Thursday, July 26th, 2018

Christine and the Queens – Doesn’t Matter

Coming very close to being Christine and the Queens of 2018…


[Video][Website]
[8.25]

Vikram Joseph: Some songs merely build momentum; “Doesn’t Matter” climbs to 35,000 feet and holds its cruising altitude with all the poise and grace of a Concorde. Maybe from all the way up there things makes more sense; there are demons to be battled here – ghosts, the void, “the suicidal thoughts that are still in my head” – but in the resoluteness of its rhythm and the cresting, citrus-sour waves of synth, Heloise Letissier tries to find some perspective. “It doesn’t matter, does it?” is less nihilism than just a coping mechanism, a deflection – the giveaway is “Uh, forget I said it,” a sharply recognisable moment of trying to force feelings back into a pressurised container. In its quiet, elegant desperation, “Doesn’t Matter” reminds me of R.E.M.’s “Losing My Religion”; I feel that “Oh no, I’ve said too much / I haven’t said enough” comes close to mirroring the dilemma the protagonist faces here. Like Michael Stipe, Letissier forges beauty from her personal agonies; the soaring, interweaving melodies of the last 90 seconds of this are stunning.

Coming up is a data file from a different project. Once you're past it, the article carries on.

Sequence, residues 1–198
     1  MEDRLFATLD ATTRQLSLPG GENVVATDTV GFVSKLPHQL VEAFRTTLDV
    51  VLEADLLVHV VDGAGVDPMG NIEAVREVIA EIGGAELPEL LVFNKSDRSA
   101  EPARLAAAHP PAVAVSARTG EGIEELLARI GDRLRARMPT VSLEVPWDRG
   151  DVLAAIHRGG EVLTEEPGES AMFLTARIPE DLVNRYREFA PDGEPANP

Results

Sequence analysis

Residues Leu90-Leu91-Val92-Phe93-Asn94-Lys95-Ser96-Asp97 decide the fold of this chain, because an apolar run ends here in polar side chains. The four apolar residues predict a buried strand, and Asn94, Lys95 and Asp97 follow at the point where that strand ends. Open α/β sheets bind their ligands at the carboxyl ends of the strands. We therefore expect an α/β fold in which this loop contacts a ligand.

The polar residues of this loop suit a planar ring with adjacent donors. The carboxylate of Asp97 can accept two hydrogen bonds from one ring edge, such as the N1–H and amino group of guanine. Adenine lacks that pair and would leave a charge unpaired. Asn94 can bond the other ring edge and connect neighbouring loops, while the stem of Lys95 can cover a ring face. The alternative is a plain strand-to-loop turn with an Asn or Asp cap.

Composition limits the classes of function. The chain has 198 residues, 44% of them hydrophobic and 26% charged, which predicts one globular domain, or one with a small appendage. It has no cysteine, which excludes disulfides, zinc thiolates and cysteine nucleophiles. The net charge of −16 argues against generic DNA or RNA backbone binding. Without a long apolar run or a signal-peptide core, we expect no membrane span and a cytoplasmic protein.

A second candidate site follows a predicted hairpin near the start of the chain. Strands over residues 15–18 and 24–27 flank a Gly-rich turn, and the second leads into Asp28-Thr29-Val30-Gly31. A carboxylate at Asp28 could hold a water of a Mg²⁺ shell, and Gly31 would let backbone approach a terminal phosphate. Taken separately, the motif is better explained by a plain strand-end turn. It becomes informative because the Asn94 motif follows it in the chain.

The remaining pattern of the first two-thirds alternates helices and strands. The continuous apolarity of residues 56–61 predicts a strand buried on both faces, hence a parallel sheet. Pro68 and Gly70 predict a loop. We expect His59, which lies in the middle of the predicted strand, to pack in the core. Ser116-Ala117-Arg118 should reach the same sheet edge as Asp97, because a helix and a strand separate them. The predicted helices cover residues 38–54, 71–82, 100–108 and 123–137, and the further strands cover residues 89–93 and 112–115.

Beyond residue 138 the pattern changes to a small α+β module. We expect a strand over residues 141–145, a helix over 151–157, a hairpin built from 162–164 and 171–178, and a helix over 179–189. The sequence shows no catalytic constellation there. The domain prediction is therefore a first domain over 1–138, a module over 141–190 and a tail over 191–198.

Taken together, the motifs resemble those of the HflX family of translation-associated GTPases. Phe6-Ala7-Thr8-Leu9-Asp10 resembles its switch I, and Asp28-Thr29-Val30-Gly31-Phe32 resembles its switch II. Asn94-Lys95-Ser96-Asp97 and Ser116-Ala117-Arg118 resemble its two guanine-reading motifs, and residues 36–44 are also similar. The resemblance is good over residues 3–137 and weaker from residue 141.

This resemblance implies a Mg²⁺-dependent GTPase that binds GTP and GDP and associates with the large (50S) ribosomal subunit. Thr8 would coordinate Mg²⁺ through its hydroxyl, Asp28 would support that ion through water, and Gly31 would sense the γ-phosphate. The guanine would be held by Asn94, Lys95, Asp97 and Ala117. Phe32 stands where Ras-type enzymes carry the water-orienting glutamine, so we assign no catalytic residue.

[9]

Rebecca A. Gowns: Absolute poetry. An anthem for the times, as piercing and resonant as “Once in a Lifetime,” with the musical power of Haim x10 (30 Haim sisters). So good it hurts.
[10]

Eleanor Graham: In stark contrast to “Girlfriend”‘s playfulness, “Doesn’t Matter” sees Letissier pushed to the very edge of reason, but never losing her thrilling lightness of touch. Like Cardi B and Nabokov, she is a non-native English speaker who cracks open whole new possibilities in the language. Set against minimal synths, the muttered prayer “and if I could just push this door chalked on the wall/and if after the void there’s somewhere else to fall” is utterly exhilarating.
[8]

Josh Love: Between “Girlfriend” and now “Doesn’t Matter” I’m definitely getting the feeling Christine’s forthcoming album is going to be the one for 2018 that scratches my itch for androgynous 80’s-inspired dance-pop, joining the pantheon alongside the likes of MUNA, La Roux, and The Knife/Fever Ray. The two songs are excellent complements to each other too, “Doesn’t Matter” all low-slung slinky where “Girlfriend” was sparkly and spunky.
[7]

Thomas Inskeep: Electro rather than electro-soul, so not as good as previous single “Girlfriend,” still one of my favorites of the year. But I dig the cheerleader-chant rhythm (very “Mickey”), and Chris’s vocal style gets further and further under my skin. I suspect this album’s gonna be really, really fine.